Everything You Need to Know About Cryptocurrency Scams

What is cryptocurrency?

Odds are, you’ve probably heard the term cryptocurrency being used quite a lot in the last few years. But do you really know what it is, how it’s managed, or how you can use it? For many, cryptocurrency is still quite mysterious, and since so much of this world is still very much in its infancy — yet is considered highly desirable and unbelievably lucrative in certain circles — many people are falling victim to scammers, some of which are financially hobbling people. 

So, you might be wondering, what exactly is cryptocurrency? The simplest way to describe it is that it is a digital asset. But that doesn’t go quite far enough. One of the most appealing factors of cryptocurrency to many is its ability to exist outside of typical financial structures, particularly those that are monitored and controlled by governments and financial institutions. 

This is done by distributing the currency across a vast network of encrypted computers, which is where the currency gets its name from. This network of linked peer-to-peer computers is called “blockchain.”

Cryptocurrency is hailed by many for its ease of transfer between parties without being managed or monitored by financial institutions, its anonymity, and security, but critics argue that crypto, in its current form, is too unregulated and therefore fertile ground for illegal activity, like money laundering, drug distribution, and more. 

Added to those concerns are potential vulnerabilities to its infrastructure, as well as scammers who are on the lookout for victims who are quick to take advantage of this currency’s possibilities but do not have the understanding of the system or how they can be taken advantage of. 

Beware of cryptocurrency scammers

According to the Federal Trade Commission, victims have lost over $80 million dollars in just a six-month period between 2020 and 2021. 

One of the central ways in which scammers take advantage of victims is by giving away some form of personal information so that the scammer can get access to the victim’s digital wallet, which is, as you might have guessed, the venue in which people can store their digital currency.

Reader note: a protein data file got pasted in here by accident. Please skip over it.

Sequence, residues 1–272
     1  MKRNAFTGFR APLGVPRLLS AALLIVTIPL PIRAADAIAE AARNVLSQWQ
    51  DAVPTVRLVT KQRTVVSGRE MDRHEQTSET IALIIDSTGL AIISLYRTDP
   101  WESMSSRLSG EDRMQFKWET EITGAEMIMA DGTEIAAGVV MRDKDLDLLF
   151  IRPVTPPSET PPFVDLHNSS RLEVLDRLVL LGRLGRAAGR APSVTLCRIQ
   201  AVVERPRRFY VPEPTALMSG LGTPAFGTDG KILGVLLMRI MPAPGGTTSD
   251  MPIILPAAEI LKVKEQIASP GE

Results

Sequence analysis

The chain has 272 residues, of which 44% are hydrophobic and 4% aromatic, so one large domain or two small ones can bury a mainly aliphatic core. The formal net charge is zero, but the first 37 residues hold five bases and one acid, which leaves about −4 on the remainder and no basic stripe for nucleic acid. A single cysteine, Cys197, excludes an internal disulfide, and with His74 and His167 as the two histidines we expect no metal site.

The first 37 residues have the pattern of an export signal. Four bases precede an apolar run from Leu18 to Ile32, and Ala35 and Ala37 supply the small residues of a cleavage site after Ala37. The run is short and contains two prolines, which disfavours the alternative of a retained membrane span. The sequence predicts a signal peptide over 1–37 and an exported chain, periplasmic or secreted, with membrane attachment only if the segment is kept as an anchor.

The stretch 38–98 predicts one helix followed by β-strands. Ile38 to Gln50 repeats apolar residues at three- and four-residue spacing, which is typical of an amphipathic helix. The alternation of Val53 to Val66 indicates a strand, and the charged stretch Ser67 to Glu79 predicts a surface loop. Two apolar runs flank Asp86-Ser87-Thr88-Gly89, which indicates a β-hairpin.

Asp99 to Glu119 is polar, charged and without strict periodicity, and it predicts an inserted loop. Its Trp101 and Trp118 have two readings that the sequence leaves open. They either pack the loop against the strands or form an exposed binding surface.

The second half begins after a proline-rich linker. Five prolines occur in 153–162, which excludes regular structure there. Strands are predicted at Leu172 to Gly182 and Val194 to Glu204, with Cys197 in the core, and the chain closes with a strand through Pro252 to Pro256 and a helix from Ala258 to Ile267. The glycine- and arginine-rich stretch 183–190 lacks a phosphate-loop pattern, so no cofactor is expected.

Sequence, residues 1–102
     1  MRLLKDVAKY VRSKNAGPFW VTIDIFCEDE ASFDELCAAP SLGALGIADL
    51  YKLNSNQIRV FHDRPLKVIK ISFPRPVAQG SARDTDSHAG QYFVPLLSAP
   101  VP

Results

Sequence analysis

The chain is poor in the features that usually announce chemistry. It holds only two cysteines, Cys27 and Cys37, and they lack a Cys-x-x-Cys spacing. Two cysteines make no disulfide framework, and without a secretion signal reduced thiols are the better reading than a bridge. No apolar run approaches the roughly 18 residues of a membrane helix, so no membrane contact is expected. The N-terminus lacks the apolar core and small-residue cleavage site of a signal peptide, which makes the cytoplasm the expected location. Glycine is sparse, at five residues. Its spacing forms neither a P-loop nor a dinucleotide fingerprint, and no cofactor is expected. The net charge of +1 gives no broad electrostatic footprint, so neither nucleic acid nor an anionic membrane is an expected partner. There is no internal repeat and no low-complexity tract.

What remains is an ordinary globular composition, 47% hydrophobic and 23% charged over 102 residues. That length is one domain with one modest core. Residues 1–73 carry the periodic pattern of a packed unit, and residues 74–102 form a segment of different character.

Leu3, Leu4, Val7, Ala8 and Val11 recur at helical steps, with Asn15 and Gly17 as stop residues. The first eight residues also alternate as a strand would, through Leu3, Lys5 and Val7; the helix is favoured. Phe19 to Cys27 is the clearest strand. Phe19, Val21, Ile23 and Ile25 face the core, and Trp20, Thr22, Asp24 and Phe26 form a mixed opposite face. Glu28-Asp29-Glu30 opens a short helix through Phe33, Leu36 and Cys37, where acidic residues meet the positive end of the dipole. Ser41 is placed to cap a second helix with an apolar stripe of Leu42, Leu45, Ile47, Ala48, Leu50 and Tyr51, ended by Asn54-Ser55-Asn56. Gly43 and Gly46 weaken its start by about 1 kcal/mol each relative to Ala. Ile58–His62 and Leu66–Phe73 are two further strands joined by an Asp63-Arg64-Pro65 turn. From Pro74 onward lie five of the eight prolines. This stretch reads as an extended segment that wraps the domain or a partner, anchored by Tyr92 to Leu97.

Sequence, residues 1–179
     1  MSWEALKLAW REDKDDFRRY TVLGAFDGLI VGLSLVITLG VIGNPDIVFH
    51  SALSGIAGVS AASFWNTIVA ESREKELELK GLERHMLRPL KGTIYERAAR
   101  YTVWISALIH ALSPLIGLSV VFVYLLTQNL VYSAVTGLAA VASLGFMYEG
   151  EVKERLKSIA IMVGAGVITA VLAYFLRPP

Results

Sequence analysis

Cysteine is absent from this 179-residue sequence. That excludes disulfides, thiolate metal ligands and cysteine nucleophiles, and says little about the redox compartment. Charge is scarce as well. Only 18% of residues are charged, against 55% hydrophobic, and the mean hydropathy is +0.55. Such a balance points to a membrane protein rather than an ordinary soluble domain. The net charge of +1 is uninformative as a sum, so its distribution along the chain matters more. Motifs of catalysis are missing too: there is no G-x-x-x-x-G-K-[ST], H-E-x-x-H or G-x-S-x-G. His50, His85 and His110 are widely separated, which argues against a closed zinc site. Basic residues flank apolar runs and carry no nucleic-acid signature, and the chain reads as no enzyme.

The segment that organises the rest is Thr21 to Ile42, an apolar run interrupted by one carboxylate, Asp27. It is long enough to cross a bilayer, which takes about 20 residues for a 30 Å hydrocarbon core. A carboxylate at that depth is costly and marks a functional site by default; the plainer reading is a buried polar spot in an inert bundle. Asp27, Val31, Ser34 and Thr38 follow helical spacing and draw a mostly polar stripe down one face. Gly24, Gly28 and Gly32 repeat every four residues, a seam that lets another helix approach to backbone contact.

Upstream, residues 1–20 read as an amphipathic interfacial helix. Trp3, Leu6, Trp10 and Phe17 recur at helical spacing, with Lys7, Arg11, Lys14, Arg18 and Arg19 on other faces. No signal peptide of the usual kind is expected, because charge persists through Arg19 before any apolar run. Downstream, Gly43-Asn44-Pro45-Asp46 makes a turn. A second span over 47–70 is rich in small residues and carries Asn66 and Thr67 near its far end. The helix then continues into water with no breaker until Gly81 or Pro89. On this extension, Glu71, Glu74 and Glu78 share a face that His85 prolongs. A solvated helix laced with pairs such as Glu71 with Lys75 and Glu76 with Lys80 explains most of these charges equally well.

Typically, in order to maintain high levels of privacy and security, these digital wallets have at least two types of keys that are used to keep the currency protected: public keys and private keys. Both are needed in order for transactions to occur, and both are generated when the transaction is initiated. 

Public keys are often generated from the private key, but private keys can never be generated from the public keys. This means that a person must be extremely careful about protecting their private information. 

If they were to lose a public key related to a transaction, they could use their private key in order to generate a new public key. However, if they were to lose their public key, then that information — and access to an account containing all of their digital currency — is likely lost forever. 

Scammers want access to the private key, which is known only to one party and is used as authorization for their personal account transactions. If a scammer is given access to this private key, they may be able to wipe the victim’s account of all funds, with very little ways for anyone to pursue the scammer or to retrieve their funds. 

What are the most common cryptocurrency scams?

Authorities most commonly see two broad categories of cryptocurrency scams:

  • Scams aiming to access a person’s digital wallet
  • Or scams aiming to defraud someone into transferring their digital currency directly to a scammer

Due to crypto’s incredibly complex nature, the former category, while not impossible, is far less common than the latter category. The latter category  — those scams aiming to defraud someone into transferring their digital currency themselves — is more akin to financial scams you’re probably already familiar with..

These schemes will include impersonating trustworthy institutions, like the government or a bank; catfishing (the impersonation of a potential romantic partner in order to gain access to their property); phishing scams (the use of emails designed to trick someone into sharing personal info); fake investment scams; and blackmail. 

What should you do if you’ve been a victim of a crypto scam?

As you should with any crime you’ve fallen victim to, you should contact the authorities. Due to the nature of cryptocurrency, getting your stolen assets back may be a difficult task, but the more the authorities understand the nature of these crimes, the better they can be at educating the public, identifying these crimes, and prosecuting them when they occur. 

As with anything new, this will take time for them to be most effective. 

I’ve been accused of a crypto scam — what do I do?

First things first: Get legal representation. The crypto world is largely unknown, in and out of the legal system. In order to get the best defense possible, you need counsel that is well-versed in protecting defendants accused of financial crimes, which is one of the Law Offices of Robert J. DeGroot’s areas of specialty. 

For fifty years, we’ve worked with the accused so that they get the representation they deserve in a court of law. If you’d like more information about how we can assist you in protecting your constitutional rights, contact us today for your confidential consultation!